MY SON turned one this week and honestly, it’s only been recently that I can finish a workout feeling strong, fast, and like my former self. The two times I’ve delivered, I’ve always grown frustrated at the slow recovery.
The advice of “it took 9 months to deliver, it will take 9 months to get back to where you were” fell on deaf ears.
Like most runners, I like to think I’m different. Special. So living by the mantra of “there’s no way that well-researched, population-wide, clinical advice could apply to me” while ignoring my husband’s shaking head seemed normal. Once medically cleared, my run times soon returned to my normal and, thanks to a support system and a jogging stroller my weekly Ks crept up nicely. Maybe a little too nicely (read: too much too soon). I was just so happy to no longer have my medicine-ball-belly and I acted like a bird out of a cage. I ran through aches and pains while trying to quickly recapture my “I’m a runner” identity. The end result: time on the couch and doctor’s bills. Since I’ve already paid the price for doing too much too soon while neglecting nutrition 101 (apparently even RDs can be nutrition nightmares), I’ve pulled together some anecdotal and expert advice to help you avoid many common mistakes.
Tip 1: Eat with mum and baby in mind.
I don’t mean you should “eat for two”. I mean that if you are breastfeeding, then yes, you burn extra kilojoules and yes, you need extra nutrients. You’ll pull from your own stores to create liquid gold for baby which means that even though you are no long pre-natal, you still need that vitamin. Not only are you asking your body to start covering kilometres while recovering from the trauma of delivery, you’re also asking it to send a wealth of nutrients into the milk. If you don’t have extra nutrients on board then you, mum, simply go without. Thanks to my two wonderful, precious boys who also posed as darling little breastfeeding parasites (read: I should have consumed more protein and calcium- duh), I soon became the proud post-natal owner of multiple stress fractures (and bills for xrays, MRIs, orthotics, etc.). Don’t let this happen to you. Continue to take that pre-natal or a breastfeeding supplement and ask your health care professional if you need supplemental calcium, vitamin D, omega-3s, or iron now that you’re running once again. As for iron, as a female runner, you should already be taking in some sources of high quality iron. Find it in beef, poultry, fish, soy products, dried fruits, legumes, whole grains, fortified cereals, and leafy greens.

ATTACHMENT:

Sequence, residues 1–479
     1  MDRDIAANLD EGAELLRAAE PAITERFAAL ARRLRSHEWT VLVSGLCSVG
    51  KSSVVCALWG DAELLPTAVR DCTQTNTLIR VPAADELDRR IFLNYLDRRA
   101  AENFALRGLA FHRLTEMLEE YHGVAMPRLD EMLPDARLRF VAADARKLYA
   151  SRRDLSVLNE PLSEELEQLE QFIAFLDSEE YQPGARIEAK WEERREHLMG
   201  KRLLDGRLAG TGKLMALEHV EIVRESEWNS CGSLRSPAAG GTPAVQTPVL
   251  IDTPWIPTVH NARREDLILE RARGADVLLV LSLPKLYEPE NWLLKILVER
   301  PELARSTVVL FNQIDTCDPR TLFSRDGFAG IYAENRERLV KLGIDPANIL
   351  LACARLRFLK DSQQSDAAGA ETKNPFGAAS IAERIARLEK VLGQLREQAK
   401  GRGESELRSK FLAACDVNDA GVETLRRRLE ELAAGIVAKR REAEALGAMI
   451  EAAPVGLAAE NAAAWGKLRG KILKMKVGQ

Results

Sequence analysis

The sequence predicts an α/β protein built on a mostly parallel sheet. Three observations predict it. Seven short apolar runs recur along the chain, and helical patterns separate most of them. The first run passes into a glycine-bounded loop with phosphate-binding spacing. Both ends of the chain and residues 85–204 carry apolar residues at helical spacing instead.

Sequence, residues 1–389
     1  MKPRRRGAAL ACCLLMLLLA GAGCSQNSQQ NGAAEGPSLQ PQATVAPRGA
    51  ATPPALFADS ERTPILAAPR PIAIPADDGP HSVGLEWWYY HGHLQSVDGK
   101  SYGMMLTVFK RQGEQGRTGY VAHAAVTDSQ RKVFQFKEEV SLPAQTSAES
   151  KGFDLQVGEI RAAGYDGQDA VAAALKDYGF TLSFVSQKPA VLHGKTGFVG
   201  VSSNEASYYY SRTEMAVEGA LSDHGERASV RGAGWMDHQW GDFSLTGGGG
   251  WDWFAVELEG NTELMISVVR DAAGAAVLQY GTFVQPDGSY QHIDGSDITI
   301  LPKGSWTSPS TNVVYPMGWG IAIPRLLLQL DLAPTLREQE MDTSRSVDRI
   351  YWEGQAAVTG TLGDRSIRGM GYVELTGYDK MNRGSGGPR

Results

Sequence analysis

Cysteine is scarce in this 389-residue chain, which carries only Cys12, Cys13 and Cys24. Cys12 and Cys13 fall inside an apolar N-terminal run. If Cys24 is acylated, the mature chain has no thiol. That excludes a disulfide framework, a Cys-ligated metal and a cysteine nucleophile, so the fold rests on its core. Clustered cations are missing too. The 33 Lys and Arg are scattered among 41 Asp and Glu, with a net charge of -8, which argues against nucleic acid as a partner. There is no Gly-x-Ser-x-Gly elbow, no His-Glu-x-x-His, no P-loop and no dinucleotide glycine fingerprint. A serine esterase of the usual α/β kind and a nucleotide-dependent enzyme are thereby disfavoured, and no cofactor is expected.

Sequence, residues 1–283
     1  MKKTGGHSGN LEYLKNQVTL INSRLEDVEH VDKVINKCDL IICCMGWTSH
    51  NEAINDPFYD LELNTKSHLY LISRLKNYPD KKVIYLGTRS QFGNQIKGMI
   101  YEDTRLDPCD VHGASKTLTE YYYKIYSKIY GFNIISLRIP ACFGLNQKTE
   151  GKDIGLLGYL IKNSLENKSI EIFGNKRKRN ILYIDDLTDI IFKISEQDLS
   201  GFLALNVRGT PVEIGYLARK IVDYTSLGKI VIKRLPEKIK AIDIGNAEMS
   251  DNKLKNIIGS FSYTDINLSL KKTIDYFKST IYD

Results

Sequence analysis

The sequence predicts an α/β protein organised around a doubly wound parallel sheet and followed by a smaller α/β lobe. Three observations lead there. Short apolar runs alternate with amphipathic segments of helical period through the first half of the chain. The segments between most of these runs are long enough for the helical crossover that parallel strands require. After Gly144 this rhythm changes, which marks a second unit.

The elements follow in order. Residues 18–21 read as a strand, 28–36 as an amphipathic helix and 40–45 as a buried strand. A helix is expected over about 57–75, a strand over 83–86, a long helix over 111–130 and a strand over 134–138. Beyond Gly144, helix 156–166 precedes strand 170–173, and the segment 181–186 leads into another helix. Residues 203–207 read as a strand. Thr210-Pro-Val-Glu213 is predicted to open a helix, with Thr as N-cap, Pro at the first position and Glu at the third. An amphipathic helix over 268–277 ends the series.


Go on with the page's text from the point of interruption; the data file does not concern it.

Tip 2: Speaking of breastfeeding, you’ll need to time it right.
Yes, you can absolutely breastfeed and be a runner. Personally, I have (not so) fond memories of pumping in a porta-john and then running the Boston Marathon. It can be done. The trick is to invest in a really good bra and also to feed or pump right before running. Once you finish, be sure to rehydrate. Without extra fluid on board to recover your sweat losses plus create milk, you might find that your supply runs low. Even if you’re not breast feeding, it’s still important to stay hydrated in order to fend off premature feelings of fatigue and hunger.